Creative Reading is a one semester class, and next semester I will be teaching Film Studies. I'm a little worried about that, because I'm not nearly as obsessed with movies as I am with comics, and because showing a movie in class is more frustrating than you might think.
If you ask students what they would like to do in a class, they will often answer "Watch a movie!" Then when you show a movie, and you ask them to watch, there are always some students who won't even bother looking in the direction of the TV until you've specifically told them to do so 6 or 7 times. The problem is that people watch movies for fun, so when a movie is shown in class, there's an instinctive response that it must be fun time, and so you don't have to do anything. Worse, many students go to the movie theater to hang out with friends, or do other things while a TV is on in the background, and have trouble actually paying attention to a movie for any stretch of time. So while "Watch the movie" seems like a simple task to ask someone to perform, it's surprisingly difficult for many individuals.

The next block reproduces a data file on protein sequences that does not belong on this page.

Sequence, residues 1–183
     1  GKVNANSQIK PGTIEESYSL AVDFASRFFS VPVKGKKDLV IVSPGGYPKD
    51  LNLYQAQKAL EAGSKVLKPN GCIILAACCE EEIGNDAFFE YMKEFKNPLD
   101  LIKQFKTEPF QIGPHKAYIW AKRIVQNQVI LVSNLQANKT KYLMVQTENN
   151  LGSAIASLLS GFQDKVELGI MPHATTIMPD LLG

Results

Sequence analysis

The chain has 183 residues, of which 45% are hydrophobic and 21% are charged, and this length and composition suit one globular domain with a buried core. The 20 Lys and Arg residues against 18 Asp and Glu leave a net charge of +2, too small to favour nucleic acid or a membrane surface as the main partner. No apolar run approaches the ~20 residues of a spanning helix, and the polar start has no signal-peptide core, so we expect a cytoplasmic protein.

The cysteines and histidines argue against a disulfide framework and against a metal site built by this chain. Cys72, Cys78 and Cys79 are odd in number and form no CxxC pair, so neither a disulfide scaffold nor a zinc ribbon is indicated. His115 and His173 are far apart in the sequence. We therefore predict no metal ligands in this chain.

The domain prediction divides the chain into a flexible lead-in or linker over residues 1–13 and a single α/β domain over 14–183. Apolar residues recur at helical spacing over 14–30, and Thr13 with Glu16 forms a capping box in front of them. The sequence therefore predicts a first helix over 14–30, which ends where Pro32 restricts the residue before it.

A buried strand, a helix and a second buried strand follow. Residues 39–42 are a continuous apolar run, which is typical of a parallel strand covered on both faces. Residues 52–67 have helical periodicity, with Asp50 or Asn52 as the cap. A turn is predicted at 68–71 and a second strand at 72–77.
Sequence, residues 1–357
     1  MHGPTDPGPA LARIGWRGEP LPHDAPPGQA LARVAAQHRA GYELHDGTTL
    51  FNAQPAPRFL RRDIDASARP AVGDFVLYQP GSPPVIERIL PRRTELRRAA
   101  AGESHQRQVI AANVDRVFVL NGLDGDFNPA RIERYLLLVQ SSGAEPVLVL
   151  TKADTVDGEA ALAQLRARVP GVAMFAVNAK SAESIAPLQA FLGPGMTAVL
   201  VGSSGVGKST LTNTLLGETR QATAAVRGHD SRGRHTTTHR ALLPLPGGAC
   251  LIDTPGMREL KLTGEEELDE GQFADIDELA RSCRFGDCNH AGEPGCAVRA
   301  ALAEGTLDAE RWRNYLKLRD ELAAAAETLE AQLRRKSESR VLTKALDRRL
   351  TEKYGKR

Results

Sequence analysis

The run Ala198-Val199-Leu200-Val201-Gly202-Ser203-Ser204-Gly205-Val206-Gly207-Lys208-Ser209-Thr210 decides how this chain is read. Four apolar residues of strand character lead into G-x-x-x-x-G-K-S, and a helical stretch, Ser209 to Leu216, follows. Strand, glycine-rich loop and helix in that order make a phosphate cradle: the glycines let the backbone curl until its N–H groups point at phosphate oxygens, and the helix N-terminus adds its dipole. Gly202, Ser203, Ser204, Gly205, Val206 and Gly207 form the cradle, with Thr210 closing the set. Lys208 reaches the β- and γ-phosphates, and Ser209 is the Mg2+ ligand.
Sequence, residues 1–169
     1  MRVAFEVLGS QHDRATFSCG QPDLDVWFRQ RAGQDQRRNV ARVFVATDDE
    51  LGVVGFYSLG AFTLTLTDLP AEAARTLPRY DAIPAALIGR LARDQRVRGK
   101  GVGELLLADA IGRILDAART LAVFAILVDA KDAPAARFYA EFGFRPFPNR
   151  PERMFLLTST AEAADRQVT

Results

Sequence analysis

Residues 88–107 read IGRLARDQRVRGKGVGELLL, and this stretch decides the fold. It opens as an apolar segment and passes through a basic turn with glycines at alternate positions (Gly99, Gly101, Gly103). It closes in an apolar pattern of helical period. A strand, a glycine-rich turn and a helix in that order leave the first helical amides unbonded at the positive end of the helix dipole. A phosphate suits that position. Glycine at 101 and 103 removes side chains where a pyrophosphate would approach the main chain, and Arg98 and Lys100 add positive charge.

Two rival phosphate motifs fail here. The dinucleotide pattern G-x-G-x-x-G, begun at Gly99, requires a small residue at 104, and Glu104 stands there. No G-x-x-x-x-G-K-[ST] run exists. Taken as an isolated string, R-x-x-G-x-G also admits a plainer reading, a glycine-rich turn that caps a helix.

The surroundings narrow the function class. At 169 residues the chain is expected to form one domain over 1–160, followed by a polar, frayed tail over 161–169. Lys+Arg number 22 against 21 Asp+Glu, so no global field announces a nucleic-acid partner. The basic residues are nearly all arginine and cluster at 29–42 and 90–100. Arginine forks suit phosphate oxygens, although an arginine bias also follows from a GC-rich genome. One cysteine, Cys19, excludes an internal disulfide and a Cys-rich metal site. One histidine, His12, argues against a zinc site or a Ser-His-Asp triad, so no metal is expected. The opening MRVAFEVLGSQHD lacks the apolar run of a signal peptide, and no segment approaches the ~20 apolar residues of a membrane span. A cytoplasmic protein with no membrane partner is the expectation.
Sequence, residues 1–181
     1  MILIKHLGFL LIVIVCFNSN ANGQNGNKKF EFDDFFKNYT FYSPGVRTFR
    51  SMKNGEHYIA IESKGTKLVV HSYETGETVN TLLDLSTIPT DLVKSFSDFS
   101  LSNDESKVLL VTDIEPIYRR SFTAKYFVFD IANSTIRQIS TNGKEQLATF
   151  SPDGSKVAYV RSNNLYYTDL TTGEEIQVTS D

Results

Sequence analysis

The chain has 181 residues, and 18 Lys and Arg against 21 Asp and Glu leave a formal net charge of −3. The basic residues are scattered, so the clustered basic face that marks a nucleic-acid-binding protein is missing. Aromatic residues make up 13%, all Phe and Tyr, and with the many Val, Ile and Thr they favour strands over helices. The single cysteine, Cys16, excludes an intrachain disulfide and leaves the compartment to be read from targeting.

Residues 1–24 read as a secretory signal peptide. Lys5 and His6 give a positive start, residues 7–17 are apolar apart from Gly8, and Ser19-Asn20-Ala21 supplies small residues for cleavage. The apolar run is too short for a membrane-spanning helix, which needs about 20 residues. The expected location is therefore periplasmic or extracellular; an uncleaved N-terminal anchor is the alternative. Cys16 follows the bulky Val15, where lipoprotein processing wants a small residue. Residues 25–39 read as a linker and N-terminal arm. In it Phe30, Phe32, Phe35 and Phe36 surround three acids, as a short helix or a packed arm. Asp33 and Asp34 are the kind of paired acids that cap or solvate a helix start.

Today we finished watching Batman Begins. I had wanted to spend three days on this, but apparently I can't count, because it took four. Since some people were having trouble paying attention I gave them a handout of questions to answer, which helped most of them focus. There were still a few, though, whose eyes kept drifting away from the screen. I kept telling one particular student to watch the movie. The third or fourth time she responded, "It's boring!" I turned to look at the screen. There was a massive explosion, as the train tracks tore apart and a train raced toward the ground. It was all motion and noise and excitement.
Before I could say anything she admitted, "Okay, it's not boring." She forced herself to watch then, at least for a few minutes.
Tomorrow we're back to Batman Year One, which we'll wrap up just in time for the end of the quarter.